You have your New Year's resolutions, and Jeff Rice has his. In 2010, he's determined to find the elusive southern mountain yellow-legged frog in the California Sierras.
Once he's found the preferred cold creek habitat of the endangered amphibian, Rice will unpack his recording equipment, position his microphone and wait patiently — for hours, or even days — to capture the frog's unique songs for his archive.
Years from now, if the frog is extinct (they're already absent from 95 percent of their preferred environment), anyone curious about what it sounded like will merely have to make a few computer clicks to call up the croaking.
They'll also have access to nearly 2,000 other natural sounds, thanks to the efforts of Rice and a few others who are making recordings for the Western Soundscape Archive — the only audio archive devoted to the disappearing sounds of the West.
Funded through a federal grant given to the University of Utah's J. Willard Marriott Library, the project has collected recordings of everything from elephant seals and waterfalls to the desolate silence of the West's rapidly vanishing wild spaces.
"Even in the most remote places, like the Arctic Circle, you'll find noise today," says Kenning Arlitsch, the digital librarian who hired Rice to collect sounds for the archive. "With the wilderness shrinking, it's now more important than ever to collect as many sounds as we can. Because the day might come when they won't be there."
Eager to talk about their project and illustrate the urgency of protecting the West's untamed sanctuaries, Arlitsch and Rice met me for a Free Lunch of chicken kabobs, stuffed grape leaves and lemon-rice soup at Aristo's Greek Cafe near the U.
Rice, who lives in Seattle but grew up in Salt Lake City and makes frequent trips here to drop off new recordings, was preparing for his frog expedition, also hoping to collect a few new mammal sounds.
"There are a lot of happy accidents — once I left the recorder somewhere and a mountain goat came past and gave me some great stuff," he says.
On another occasion, Rice was sleeping under the stars and saw a pair of eyes glowing near his camp. It turned out to be a black bear, rambling a little too close for comfort.
"I've spent a lot of nights in my rental car," says Rice with a smile, digging into his grape leaves. "If there's one lesson I've learned, it's to always get the upgrade."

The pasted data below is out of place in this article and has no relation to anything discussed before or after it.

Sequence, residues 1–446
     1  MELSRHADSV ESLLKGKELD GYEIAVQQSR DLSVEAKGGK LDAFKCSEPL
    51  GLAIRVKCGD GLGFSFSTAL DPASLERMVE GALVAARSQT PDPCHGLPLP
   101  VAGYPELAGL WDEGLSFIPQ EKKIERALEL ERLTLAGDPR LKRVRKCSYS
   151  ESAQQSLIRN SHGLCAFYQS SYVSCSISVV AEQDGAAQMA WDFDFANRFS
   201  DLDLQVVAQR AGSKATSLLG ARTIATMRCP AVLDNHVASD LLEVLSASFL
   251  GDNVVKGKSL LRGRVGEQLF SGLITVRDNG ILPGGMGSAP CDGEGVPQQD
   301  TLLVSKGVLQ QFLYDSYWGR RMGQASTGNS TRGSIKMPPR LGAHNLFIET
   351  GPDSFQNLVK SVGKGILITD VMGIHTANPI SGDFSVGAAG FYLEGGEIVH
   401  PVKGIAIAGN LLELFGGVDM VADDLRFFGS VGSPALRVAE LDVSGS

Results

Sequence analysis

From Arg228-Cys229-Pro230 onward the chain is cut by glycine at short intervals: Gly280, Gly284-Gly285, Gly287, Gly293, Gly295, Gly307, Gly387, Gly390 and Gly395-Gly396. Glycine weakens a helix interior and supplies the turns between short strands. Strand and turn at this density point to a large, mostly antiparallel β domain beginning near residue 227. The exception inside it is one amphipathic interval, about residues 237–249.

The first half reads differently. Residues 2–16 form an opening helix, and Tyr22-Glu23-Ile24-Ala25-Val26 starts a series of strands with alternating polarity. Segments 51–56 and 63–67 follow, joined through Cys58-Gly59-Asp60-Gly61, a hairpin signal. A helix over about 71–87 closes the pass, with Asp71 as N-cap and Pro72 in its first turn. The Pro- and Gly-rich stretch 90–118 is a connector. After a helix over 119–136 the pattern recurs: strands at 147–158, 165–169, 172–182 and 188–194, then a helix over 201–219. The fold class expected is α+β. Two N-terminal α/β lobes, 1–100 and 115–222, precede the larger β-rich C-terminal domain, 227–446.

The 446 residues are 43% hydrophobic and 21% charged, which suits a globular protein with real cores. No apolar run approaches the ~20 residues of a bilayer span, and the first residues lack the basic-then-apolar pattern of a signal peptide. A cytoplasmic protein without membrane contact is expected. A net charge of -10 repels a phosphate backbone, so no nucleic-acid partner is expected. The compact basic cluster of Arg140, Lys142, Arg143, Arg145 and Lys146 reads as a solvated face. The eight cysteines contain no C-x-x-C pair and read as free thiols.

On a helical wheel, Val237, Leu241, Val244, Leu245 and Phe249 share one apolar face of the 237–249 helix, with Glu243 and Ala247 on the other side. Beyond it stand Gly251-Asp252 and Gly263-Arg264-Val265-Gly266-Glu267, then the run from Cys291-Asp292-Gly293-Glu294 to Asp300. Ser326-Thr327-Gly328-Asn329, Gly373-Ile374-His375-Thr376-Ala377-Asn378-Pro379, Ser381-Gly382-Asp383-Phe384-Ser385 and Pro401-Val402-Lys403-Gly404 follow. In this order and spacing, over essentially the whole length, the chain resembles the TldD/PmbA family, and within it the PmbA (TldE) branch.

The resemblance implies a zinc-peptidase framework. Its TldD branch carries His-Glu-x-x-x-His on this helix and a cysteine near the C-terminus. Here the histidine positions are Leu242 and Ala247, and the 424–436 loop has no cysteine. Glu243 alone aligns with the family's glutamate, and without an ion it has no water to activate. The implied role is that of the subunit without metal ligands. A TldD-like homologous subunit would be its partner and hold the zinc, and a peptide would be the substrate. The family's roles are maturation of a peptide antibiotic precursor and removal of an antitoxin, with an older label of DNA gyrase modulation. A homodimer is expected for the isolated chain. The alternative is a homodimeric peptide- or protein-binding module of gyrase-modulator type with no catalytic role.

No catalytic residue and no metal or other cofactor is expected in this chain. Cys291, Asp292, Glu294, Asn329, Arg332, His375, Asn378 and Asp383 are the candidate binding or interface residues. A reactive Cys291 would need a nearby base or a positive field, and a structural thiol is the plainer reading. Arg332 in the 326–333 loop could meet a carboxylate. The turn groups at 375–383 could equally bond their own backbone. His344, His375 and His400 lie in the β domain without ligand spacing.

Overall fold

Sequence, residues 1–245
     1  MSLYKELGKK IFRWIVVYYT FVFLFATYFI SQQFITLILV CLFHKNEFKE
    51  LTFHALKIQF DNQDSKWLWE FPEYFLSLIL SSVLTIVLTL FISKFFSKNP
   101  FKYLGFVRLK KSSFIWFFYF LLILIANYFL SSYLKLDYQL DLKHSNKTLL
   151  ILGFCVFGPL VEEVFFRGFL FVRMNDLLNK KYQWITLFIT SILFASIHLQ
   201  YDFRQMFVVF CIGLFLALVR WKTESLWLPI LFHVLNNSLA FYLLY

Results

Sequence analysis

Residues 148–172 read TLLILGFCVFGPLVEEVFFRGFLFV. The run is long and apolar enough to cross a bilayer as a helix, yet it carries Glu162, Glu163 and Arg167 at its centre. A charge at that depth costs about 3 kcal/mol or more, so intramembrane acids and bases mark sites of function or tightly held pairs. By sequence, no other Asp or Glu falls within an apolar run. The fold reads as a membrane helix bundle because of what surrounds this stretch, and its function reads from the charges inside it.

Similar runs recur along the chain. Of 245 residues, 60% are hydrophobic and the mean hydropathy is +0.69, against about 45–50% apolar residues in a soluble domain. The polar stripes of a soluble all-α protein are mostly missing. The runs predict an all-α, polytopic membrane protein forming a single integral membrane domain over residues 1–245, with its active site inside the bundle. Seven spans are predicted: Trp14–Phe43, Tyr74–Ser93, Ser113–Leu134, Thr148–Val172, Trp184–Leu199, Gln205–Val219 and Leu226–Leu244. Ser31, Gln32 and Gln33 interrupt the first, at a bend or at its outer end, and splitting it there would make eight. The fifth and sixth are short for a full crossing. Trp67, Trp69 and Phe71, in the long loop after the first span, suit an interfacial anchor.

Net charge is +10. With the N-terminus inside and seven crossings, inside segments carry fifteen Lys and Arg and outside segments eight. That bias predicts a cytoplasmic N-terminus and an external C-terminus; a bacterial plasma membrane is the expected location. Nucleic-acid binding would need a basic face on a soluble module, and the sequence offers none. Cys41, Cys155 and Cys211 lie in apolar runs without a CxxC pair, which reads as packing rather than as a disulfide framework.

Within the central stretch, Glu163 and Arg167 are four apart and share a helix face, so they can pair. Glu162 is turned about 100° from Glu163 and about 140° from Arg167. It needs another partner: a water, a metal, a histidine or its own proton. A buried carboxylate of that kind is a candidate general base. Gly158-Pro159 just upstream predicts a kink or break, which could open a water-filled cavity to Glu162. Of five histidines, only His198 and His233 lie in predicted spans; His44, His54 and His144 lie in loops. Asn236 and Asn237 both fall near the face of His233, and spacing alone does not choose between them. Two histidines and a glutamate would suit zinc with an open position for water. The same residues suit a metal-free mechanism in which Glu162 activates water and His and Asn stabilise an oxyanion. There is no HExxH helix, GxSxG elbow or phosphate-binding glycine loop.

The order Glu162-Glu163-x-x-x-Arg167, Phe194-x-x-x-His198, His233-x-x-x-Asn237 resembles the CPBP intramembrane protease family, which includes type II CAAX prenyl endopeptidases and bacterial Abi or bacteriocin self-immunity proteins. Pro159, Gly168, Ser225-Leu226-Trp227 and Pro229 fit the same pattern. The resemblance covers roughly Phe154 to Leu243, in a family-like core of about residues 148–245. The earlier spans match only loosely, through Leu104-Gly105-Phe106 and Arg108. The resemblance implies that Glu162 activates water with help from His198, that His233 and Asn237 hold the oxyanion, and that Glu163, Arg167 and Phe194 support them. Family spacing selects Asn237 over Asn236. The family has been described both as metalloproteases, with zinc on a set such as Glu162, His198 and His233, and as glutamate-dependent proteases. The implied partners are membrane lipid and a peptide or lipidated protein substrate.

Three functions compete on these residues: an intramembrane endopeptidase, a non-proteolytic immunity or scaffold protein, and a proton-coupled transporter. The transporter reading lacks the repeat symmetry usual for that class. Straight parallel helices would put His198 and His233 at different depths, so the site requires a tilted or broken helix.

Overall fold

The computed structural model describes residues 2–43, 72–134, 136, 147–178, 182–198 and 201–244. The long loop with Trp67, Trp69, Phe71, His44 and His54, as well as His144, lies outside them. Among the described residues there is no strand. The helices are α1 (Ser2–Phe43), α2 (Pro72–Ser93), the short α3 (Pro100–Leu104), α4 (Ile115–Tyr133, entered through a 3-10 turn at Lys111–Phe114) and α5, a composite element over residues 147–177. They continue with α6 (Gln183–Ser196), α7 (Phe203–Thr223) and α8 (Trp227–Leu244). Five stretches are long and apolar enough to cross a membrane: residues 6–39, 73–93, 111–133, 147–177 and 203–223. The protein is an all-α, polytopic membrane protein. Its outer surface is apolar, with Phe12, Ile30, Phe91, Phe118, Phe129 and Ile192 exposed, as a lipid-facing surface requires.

Ever since they opened their windows at night as children to hear singing crickets, Rice and Arlitsch have been fascinated by the sounds of the natural world. Arlitsch grew up exploring the seascape of Long Island, N.Y., while Rice hiked the foothills on Salt Lake City's east bench.
Both are concerned that development and modern technology are increasingly taking a toll on the West's remote canyons and deserts.
"The soundscape is changing just as much as the visual landscape," says Arlitsch, who has accompanied Rice on a few of his trips and is most impressed with Gravel Canyon near Natural Bridges National Monument in southeastern Utah.
"It's so remote — few people go there because it requires a long drive on a dirt road and a long hike in," he says. "But the sound of true silence is very rewarding."
In wilderness areas with more traffic, such as Yellowstone Park, Rice will get up at 4 in the morning to capture what the place must have sounded like in a time before snowmobiles, mobile homes, motorcycles and boom boxes.
"There are a lot of times when I'm sitting out there in pouring rain, mud and wind, thinking, 'This is my life?' " he says. "But the end result is so worth it. We have the sounds of hummingbirds, rustling leaves, ocean waves, even Gila monsters in our archives now."
Now if only he could track down that obscure southern mountain yellow-legged frog.
The sounds of the West can be accessed at westernsoundscape.org.
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